3 Things to Look for in a Property Manager Service

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Identifying Real Estate Risks After having a difficult time financially for quite some time, I realized that part of my problem was my personal housing costs. I really began evaluating what I wanted out of a home, and I realized that I needed to shop for a place that would work better for what I needed. I started paying more and more attention to real estate risks, and it occurred to me that I hadn't invested in a smart property. After talking with my real estate agent, I started focusing on changing my ways, and it was incredible to see how much brighter my future became.

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When you are the owner of a rental property, working as the landlord as well can give you quite a bit of work on your weekends and during your free time. From showing your apartment to inspect the property after a tenant moves out: your tasks are necessary to keep your property maintained and your tenants happy so they keep paying the rent. However, with the help of a property manager, you can have professional help to make sure everything is completed timely and efficiently to ensure your investment is profitable. Here are some things you can expect when working with a property management company. 

1. Handle Occupancy

Each time your tenant moves out and your property is vacant, you will need to manage the unit so it's ready to rent again. This will require you to first complete a thorough inspection of the property to record and inventory any damage and repairs along with cleaning charges. Your property manager can complete this inspection and file the required notices to your previous employer so you can refund any remaining deposit. 

Next, your property manager will be able to list the property as available for rent and list it on websites and other listing sources. As potential tenants inquire about the property, your property manager will show the unit and collect a rental application and deposit to hold the property. It is also important that the property manager screens any potential tenants with a background and credit check.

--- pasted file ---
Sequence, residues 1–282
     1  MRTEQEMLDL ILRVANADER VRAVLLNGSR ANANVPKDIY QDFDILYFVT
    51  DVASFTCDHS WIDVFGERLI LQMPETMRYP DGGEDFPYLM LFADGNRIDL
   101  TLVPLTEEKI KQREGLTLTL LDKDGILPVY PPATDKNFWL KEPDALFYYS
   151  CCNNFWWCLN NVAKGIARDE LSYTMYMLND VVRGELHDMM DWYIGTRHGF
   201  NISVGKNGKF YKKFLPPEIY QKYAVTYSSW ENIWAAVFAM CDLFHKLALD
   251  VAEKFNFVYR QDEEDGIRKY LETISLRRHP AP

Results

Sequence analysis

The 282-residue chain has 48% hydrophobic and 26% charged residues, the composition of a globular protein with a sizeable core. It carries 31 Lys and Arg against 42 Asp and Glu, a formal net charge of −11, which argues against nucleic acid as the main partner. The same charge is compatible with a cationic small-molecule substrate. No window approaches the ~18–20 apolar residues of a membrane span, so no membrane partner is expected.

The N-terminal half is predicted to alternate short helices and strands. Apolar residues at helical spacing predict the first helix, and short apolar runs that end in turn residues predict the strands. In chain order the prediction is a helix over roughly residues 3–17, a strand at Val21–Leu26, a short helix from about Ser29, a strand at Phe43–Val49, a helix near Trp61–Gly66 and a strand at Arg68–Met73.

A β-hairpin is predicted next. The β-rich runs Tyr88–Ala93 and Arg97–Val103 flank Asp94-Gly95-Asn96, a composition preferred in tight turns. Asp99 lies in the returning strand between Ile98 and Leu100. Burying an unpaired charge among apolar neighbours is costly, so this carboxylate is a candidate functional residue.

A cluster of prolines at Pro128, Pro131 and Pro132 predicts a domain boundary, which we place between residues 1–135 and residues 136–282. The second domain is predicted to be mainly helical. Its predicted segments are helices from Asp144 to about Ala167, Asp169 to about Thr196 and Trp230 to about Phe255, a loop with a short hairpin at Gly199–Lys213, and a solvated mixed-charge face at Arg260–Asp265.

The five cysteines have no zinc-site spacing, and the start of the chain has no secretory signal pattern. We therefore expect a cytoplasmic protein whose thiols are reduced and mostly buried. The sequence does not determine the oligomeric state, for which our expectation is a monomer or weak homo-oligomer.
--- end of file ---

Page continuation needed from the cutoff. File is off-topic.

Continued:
2. Manage Tenants

When your rental property has tenants, there may arise issues with the property that your tenants need to be corrected. For example, the heating or air conditioning may go out of the property and need to be repaired. Your property manager will arrange for the repairs and payment to make sure your tenants have a habitable dwelling to live in. 

Then if your tenants fail to pay their rent on time, your property manager will provide them the legal notice of late rent and provide them the necessary time frame to pay or vacate. Depending on the state you live in and the rental regulations of your area, this time frame can vary, but your property manager will know if it is three days or one week, for example, to pay or vacate and how soon they need to start an eviction process.

3. Maintain Property Inside and Outside

Your property manager will also be able to manage regular maintenance to the property, such as changing the furnace or AC air filter, hiring seasonal pest control, and keeping the landscaping kept up with mowing the lawn, removing snow and ice, and repairing exterior problems that may arise. They can handle these services so your tenants don't have to wait too long to address their needs or concerns. 

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